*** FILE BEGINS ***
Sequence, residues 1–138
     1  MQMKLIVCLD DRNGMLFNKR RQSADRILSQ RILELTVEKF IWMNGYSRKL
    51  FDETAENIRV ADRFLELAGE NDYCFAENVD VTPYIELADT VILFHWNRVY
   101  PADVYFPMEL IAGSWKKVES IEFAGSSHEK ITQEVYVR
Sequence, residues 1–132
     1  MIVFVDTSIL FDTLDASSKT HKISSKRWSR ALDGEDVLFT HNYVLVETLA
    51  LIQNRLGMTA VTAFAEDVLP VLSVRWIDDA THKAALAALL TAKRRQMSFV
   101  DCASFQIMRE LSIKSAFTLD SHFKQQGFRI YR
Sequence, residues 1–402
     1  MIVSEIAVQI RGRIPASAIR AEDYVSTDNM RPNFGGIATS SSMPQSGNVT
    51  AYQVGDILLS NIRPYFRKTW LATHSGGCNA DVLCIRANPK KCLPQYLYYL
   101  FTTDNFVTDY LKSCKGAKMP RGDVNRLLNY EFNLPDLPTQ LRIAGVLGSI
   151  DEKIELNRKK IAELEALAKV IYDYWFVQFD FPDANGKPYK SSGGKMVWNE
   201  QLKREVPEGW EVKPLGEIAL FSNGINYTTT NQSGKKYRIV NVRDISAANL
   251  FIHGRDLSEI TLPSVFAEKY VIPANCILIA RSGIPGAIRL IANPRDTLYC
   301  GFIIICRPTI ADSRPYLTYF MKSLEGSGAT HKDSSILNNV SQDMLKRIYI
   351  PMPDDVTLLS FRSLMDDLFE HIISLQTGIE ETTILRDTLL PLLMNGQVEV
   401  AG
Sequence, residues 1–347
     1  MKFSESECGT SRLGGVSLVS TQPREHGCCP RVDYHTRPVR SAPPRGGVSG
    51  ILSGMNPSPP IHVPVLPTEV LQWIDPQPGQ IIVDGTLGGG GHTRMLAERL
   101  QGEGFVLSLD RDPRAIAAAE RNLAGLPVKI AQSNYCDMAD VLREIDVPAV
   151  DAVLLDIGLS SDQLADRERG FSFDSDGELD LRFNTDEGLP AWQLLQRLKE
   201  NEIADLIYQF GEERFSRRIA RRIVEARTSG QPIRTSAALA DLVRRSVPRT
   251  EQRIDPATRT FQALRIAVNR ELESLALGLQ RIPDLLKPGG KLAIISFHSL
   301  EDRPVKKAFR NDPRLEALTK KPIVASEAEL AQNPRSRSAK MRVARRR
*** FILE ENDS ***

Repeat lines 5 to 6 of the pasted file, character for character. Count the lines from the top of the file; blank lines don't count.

Sequence, residues 1–132
     1  MIVFVDTSIL FDTLDASSKT HKISSKRWSR ALDGEDVLFT HNYVLVETLA